Sunday, August 17, 2008

But Capitalism is Not Enough

The Summer Olympics delivered China into our living rooms. At least the China its leaders want us to see. Presenting an unparalleled visual smorgasbord in the opening ceremony, the Chinese spared no expense to show off their country and their culture to the world. China pulled out all of the stops to sell itself. A better job Madison Avenue could not have done.

In the last decade or two, China has risen from what was once a backwards, agrarian country to a modern capitalist engine. More and more of the products we buy and the food we eat originate in China. As with other nations emerging into the 20th and now 21st century, manufacturing and industry are replacing agriculture and generating wealth.

But capitalism is not enough.

We are not really clear on the back stories behind the Chinese athletes. A young female gymnast who appeared to be no older than fourteen reportedly said that she did not know whether her parents were in the stands for her performances. Is this typical? Chinese officials are saying that the sporting venues are not filled to capacity for fear of violence and civil unrest. One can only wonder what is really going on behind the smoothly choreographed events.

But this we can know. Capitalism works. What we are seeing in China is the indisputable metamorphosis of the world's most populous nation. In economic terms, China's recent discovery of capitalism is slowly bringing it into serious economic competition with the West.

But as I said above, capitalism is not enough. It is not enough for China. It is not enough for our own nation. In different ways and for different reasons, our own form of American capitalism has become unhealthy and imbalanced. And it is not the first time.

In the early decades following our nation's founding, slave labor drove much of our economy. Textile plants in the North spun cotton harvested by slaves in the South. At the height of the Industrial Revolution in the late 19th century, unions formed to provide counterweight and protection for workers abused by wealthy industrial magnates. Strikes became commonplace and sometimes violent.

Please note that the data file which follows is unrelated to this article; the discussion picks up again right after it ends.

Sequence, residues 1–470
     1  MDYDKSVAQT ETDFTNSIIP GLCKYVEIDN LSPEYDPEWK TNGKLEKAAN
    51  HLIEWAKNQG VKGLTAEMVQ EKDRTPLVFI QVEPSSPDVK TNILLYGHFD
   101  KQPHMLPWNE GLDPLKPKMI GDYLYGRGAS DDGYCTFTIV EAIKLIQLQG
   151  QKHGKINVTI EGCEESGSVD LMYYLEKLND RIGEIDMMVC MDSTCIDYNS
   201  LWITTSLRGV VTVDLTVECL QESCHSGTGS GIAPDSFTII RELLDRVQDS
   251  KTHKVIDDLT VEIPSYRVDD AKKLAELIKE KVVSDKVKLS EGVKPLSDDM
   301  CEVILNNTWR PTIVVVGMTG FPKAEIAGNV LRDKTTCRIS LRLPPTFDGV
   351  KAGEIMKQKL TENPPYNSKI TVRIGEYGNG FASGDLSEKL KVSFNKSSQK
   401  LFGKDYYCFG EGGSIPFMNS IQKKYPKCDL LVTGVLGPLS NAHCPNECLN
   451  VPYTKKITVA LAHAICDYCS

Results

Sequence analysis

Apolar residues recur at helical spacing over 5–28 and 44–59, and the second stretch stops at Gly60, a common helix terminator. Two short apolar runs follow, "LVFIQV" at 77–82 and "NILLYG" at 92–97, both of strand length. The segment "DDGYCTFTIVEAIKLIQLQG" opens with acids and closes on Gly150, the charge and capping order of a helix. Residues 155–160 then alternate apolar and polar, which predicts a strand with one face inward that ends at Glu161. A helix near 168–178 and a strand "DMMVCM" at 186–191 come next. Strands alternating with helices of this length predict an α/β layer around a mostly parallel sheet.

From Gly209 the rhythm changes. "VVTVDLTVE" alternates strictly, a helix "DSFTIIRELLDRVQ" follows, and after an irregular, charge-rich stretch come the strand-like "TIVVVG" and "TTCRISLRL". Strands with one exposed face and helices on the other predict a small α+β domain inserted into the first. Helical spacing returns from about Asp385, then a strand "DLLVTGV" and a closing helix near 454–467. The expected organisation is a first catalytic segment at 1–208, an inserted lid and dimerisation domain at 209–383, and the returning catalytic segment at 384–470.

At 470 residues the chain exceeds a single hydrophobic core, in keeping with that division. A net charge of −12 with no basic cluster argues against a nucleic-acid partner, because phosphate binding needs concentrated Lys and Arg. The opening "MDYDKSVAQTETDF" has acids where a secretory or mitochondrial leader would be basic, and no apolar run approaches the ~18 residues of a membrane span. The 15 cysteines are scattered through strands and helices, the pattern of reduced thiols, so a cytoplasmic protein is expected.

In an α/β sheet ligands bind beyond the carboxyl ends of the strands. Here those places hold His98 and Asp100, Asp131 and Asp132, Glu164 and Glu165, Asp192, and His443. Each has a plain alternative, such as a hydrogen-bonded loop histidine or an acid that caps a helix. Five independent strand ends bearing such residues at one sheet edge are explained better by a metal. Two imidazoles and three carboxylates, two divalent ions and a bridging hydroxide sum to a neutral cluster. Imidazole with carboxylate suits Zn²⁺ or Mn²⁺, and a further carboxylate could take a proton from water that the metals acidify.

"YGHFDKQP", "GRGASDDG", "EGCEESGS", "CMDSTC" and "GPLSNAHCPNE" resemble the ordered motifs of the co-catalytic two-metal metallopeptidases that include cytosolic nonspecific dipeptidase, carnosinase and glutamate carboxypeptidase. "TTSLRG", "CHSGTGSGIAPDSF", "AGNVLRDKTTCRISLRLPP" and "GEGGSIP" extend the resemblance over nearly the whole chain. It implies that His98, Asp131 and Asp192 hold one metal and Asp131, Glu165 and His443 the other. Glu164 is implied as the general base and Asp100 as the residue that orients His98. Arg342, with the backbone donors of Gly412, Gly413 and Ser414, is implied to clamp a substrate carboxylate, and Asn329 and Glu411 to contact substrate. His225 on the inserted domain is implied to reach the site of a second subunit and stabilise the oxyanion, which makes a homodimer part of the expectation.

In the 1890's, many industrial giants came under the scrutiny of legislators who passed laws like the Sherman Anti-Trust Act. Dubbed "Trustbusters," government officials began breaking up companies which had created virtual monopolies in their particular industries, driving up prices and crushing smaller competitors. In 1911, US courts forced Standard Oil to divide into six smaller entities. We witnessed a similar breakup of the AT&T company in the 1970's. And the US Justice Department has long been after Microsoft.

Personally, I am a huge believer in free-market economics. Private industry and entrepreneurship function so much better than does the government. But like everything, private industry must be watched and checked from time to time.

Today, more and more jobs are leaving the USA as companies seek to compete in the global marketplace. Companies can produce goods for less in foreign countries because labor is so much cheaper overseas. And the subtle encouragement for illegal aliens to steal across the border and into our country for "jobs Americans won't do" is likewise disturbing. The "Almighty Dollar" reigns.

But the almighty dollar will only take us, or China, or any country, so far. Ultimately, worship of the dollar, or "mammon" as our Savior labeled it, can only lead to loss of conscience, sacrifice of principle, the selling of the soul, and the weakening of our patriotism.

We fat, lazy, spoiled Americans had best snap out of our slumber. Our great nation has been compromised not only by the pursuit of pleasure and the devaluing of human life and marriage, but by our pursuit of mammon.

No man, no nation, can serve two masters.

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